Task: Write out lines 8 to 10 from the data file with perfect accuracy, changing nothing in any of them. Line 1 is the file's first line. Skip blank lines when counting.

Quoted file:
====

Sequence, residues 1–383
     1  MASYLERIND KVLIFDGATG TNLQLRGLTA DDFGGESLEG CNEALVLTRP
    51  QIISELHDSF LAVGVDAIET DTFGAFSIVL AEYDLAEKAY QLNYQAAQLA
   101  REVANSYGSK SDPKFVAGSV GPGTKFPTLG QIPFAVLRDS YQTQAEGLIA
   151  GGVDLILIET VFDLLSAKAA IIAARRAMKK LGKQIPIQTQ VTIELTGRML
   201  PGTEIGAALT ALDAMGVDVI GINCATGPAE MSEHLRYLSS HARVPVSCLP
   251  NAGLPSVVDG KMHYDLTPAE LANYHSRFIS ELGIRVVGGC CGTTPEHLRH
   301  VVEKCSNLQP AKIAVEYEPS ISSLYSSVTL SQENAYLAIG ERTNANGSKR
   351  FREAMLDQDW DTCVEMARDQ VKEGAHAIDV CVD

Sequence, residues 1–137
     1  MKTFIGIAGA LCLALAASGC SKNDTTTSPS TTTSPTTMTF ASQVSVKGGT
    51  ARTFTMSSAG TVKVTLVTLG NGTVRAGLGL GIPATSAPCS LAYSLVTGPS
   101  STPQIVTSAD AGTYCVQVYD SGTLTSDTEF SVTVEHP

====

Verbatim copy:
   301  VVEKCSNLQP AKIAVEYEPS ISSLYSSVTL SQENAYLAIG ERTNANGSKR
   351  FREAMLDQDW DTCVEMARDQ VKEGAHAIDV CVD

Sequence, residues 1–137